The Condensed Consolidated Statements of Operations do not include litigation expenses incurred by us in connection with certain litigation and other legal matters that are indemnified by SG through the Indemnification Agreement. The legal reserves related to these indemnified matters are included in legal reserves and legal expenses payable in the Condensed Consolidated Statements of Financial Condition. The effect of this indemnification on our consolidated results of operations is that when a future increase to a loss contingency reserve that is related to litigation covered by the Indemnification Agreement is recorded, the litigation cost and the indemnification recovery will be reflected as an increase in litigation and related expense and the indemnification recovery will be recorded as a reduction to our litigation and related expense. See Note 11 of the Notes to the Condensed Consolidated Financial Statements, "Commitments, Contingencies and Guarantees" and Note 13 of the Notes to the Condensed Consolidated Financial Statements, "Separation from Société Générale and Other Related Matters" for further discussion.

        The Condensed Consolidated Financial Statements include the accounts of the Company, its subsidiaries and entities in which the Company has a controlling financial interest. All intercompany accounts and transactions have been eliminated upon consolidation. Certain reclassifications have been made to conform prior-period amounts to the current-period presentation, including the reclassification of interest expense of $0.1 million to other for the three and six months ended June 30, 2008.

Revenues

        We operate our business as a single segment. We derive the majority of our revenues from two primary sources, investment banking and brokerage.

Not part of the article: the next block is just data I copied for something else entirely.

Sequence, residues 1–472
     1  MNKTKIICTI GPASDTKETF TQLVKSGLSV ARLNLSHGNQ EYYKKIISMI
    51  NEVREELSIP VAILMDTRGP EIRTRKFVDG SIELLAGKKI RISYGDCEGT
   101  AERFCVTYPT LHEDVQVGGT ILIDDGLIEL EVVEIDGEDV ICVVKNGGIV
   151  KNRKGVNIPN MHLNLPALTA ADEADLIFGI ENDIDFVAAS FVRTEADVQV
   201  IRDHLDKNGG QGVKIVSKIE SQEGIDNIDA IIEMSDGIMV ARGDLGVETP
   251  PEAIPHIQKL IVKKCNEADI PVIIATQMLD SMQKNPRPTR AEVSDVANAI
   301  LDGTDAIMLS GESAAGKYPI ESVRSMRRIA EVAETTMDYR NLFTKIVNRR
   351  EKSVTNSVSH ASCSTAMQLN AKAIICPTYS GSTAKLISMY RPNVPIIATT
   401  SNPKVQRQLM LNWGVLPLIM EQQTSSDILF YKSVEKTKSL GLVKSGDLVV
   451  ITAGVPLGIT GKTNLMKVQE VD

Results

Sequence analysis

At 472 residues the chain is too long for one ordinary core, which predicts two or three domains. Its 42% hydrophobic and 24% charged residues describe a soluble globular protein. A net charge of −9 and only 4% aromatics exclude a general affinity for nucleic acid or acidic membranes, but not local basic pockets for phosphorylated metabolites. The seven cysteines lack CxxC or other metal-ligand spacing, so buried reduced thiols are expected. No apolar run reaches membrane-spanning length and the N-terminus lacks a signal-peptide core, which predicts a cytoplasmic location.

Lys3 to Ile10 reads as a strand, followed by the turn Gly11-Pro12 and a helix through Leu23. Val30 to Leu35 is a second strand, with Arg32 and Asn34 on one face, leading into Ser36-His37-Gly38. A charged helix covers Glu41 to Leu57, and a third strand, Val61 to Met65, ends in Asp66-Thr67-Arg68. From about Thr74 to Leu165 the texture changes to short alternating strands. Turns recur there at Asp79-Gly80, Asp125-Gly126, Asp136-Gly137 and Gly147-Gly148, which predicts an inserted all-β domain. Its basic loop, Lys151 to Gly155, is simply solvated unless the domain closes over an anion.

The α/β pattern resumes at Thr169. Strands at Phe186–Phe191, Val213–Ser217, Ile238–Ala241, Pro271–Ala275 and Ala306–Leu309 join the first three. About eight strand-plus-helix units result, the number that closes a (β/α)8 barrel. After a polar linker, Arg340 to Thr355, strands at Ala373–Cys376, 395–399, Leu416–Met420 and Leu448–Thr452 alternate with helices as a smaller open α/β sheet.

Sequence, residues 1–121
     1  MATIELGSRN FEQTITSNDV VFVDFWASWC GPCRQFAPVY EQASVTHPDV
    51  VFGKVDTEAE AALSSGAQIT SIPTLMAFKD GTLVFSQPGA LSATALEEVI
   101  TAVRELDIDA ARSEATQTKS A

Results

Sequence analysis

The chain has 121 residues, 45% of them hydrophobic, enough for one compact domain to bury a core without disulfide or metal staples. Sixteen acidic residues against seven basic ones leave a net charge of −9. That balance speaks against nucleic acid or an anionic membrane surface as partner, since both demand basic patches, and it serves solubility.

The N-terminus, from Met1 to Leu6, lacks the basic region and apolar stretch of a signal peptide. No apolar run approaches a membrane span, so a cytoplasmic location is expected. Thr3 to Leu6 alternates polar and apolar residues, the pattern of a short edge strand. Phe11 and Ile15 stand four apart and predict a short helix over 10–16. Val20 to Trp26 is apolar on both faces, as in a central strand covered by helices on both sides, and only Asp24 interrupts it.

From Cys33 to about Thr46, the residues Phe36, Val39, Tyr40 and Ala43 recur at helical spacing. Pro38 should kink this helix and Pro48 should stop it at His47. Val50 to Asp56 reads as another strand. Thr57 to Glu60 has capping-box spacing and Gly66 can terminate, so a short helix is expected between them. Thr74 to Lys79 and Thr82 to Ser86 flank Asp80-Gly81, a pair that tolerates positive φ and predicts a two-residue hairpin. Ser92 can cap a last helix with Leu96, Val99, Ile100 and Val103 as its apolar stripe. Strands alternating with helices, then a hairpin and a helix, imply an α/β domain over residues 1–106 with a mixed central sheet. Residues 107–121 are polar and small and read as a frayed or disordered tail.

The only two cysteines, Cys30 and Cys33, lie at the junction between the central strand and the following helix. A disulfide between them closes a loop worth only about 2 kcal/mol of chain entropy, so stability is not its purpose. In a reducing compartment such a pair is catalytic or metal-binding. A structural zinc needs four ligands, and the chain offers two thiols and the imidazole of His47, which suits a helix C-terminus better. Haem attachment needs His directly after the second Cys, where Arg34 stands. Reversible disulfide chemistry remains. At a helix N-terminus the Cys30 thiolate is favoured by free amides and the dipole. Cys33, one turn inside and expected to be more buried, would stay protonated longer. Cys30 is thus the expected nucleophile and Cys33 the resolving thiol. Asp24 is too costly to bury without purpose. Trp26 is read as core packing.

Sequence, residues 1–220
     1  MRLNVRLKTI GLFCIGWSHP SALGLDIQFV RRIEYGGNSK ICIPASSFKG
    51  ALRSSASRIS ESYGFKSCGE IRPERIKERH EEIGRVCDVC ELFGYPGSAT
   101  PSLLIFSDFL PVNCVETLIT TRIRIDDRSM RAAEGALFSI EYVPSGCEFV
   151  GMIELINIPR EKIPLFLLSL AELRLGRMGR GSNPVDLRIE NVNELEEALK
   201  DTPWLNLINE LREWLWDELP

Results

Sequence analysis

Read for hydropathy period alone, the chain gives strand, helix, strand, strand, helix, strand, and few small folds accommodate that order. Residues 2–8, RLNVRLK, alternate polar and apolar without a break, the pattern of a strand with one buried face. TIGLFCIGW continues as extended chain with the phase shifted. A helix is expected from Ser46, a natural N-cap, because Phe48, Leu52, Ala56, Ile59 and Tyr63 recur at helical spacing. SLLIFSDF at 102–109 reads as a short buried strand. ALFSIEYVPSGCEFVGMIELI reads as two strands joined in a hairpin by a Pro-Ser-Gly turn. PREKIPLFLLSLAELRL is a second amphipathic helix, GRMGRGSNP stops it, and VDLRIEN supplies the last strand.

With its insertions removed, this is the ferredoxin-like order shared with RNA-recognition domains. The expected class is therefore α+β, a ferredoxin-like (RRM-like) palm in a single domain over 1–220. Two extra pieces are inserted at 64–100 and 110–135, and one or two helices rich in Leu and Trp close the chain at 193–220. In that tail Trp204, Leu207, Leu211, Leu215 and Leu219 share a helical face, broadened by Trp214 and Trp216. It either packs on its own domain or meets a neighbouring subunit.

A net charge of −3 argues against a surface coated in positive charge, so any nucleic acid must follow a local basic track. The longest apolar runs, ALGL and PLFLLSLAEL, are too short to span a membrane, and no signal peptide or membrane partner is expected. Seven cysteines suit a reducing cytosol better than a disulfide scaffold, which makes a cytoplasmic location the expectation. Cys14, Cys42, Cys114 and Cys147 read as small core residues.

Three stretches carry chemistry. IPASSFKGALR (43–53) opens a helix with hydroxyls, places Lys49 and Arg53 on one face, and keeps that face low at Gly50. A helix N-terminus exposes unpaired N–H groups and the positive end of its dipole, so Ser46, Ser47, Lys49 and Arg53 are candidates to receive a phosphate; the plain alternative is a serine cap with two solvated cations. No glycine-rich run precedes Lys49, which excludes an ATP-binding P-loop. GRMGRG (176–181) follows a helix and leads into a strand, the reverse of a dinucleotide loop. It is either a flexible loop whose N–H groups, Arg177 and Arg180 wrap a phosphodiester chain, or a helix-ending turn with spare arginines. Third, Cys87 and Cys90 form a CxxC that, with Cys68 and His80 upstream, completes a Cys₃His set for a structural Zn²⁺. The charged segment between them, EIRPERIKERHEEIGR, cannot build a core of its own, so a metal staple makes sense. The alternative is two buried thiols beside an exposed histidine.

Investment Banking

        We earn investment banking revenue primarily from fees associated with public and private capital raising transactions and providing strategic advisory services. Our investment banking revenues are derived primarily from small and mid-capitalization companies within our target sectors of healthcare, technology, media and telecommunications, consumer, aerospace & defense, and alternative energy.

    Underwriting fees

        We earn underwriting revenues in securities offerings in which we act as an underwriter, such as IPOs, follow-on equity offerings and convertible security offerings. Our underwriting revenues include management fees, selling concessions and underwriting fees. Fee revenue relating to underwriting commitments is recorded when all significant items relating to the underwriting cycle have been completed and the amount of the underwriting revenue has been determined. This generally is the point at which all of the following have occurred: (i) the issuer's registration statement has become